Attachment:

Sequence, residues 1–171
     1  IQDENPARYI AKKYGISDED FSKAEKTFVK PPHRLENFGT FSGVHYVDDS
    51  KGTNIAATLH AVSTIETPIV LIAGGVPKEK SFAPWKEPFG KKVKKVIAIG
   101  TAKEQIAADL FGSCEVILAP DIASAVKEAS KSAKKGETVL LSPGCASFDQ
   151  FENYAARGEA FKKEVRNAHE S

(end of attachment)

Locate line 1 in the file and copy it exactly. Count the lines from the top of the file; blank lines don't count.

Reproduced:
Sequence, residues 1–171